Premature optimisation is the root of all evil. But, there are moments where we need to optimise our code. Let’s see how to improve the performance of value type in Swift.

Introduction

A variable in Swift can be either reference or value type.

The most basic distinguishing feature of a value type is that copying — the effect of assignment, initialization, and argument passing — creates an independent instance with its own unique copy of its data

In this article, I explain an optimisation of this copying: the copy-on-write.

What Is Copy-On-Write?

Every time we assign a value type to another one, we have a copy of the original object:

If we copy just a plain String we may not have problems with the performance.

We may start having some troubles when we have Arrays with thousands of elements, and we copy them around our app. For this reason, the Array has a different way to copy, which is called copy-on-write.

When we assign an Array to another one, we don’t have a copy. The two Arrays share the same instance. In this way, we don’t have two different copies of a big Array and we can use the same instance, with a better performance. Then, just when one of the two Arrays change we have a copy.

Let’s see an example:

We can notice, in this example, that the two Arrays share the same address until one of them changes. In this way, we can assign array1 to other variables several times without copying every time the whole array, but just sharing the same instance until one of them changes. This is very useful for the performance of our App.

For your info, this is the function used to dump the address:

Unfortunately, not all the value types have this behaviour. This means that, if we have a struct with a lot of informations, we may need a copy-on-write to improve the performance of our App and to avoid useless copies. For this reason, we have to create this behaviour manually.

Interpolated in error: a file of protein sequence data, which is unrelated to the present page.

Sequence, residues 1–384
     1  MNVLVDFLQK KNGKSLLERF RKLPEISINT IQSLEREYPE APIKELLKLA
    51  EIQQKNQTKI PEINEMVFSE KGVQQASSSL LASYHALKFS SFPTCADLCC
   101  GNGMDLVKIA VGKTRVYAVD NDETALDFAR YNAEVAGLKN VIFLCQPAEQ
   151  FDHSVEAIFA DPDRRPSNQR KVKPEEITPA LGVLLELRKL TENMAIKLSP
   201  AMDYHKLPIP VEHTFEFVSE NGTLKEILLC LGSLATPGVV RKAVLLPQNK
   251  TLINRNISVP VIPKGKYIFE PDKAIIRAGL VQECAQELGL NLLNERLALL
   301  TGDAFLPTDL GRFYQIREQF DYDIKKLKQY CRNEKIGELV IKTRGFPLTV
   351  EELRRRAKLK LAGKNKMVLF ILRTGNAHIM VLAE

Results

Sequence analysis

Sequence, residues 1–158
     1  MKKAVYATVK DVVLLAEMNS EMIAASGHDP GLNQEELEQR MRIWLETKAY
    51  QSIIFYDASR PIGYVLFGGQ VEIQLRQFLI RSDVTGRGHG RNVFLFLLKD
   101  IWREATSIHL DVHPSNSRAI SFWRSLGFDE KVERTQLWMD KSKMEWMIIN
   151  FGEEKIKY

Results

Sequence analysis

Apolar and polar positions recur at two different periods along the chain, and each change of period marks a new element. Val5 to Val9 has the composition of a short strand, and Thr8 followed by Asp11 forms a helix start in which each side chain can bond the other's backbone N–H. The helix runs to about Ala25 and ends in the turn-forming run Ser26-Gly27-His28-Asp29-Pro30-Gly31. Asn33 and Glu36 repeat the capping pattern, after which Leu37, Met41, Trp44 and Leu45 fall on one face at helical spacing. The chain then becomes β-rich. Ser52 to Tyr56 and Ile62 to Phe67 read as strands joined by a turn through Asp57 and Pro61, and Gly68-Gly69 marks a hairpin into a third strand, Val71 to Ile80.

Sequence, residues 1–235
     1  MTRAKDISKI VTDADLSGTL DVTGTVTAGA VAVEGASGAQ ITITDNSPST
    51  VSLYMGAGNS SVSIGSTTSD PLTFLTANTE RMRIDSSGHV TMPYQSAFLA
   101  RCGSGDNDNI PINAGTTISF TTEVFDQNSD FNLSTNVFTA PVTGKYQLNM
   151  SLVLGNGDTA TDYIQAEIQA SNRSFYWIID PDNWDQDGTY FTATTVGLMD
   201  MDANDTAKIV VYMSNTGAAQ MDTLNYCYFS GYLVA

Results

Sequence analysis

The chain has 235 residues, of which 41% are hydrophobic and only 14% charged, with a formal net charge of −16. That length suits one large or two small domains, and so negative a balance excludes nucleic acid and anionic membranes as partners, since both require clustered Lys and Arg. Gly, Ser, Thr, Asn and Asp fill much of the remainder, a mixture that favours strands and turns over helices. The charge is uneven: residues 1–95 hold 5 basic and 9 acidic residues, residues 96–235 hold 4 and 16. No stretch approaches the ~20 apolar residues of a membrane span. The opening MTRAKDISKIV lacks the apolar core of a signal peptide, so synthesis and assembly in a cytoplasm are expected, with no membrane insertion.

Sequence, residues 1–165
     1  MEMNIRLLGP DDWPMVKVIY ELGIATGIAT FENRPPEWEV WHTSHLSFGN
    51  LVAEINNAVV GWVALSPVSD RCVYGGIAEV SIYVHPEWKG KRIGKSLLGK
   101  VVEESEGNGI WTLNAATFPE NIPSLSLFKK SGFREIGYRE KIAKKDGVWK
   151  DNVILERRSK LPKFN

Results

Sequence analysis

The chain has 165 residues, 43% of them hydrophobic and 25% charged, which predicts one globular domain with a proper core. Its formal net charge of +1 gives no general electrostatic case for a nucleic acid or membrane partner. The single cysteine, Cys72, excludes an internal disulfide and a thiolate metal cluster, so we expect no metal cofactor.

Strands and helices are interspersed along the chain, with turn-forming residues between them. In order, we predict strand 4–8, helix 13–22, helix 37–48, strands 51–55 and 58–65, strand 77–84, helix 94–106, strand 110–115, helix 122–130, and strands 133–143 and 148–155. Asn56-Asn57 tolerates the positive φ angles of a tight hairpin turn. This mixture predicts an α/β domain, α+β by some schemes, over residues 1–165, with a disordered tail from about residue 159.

Manual Copy-On-Write

Let’s consider a struct User in which we want to use copy-on-write:

We must start creating a class, with a generic property T, which wraps our value type:

We use class—which is a reference type—because when we assign a reference type to another one the two variables will share the same instance, instead of copying it like the value type.

Then, we can create a struct to wrap Ref:

Since struct is a value type, when we assign it to another variable, its value is copied, whereas the instance of the property ref remains shared by the two copies since it’s a reference type.

Then, the first time we change value of one the two Box variables, we create a new instance of ref thanks to:

In this way the two Box variable don’t share the same ref instance anymore.

isKnownUniquelyReferenced returns a boolean indicating whether the given object is known to have a single strong reference.

Here the whole code:

We can use this wrapping like this:

Conclusions

An alternative to this approach is using an Array—instead of Box—to wrap the value type to copy on write. Unfortunately, the approach with the Array has some disadvantages. You can find more details in the Apple’s optimisation tips.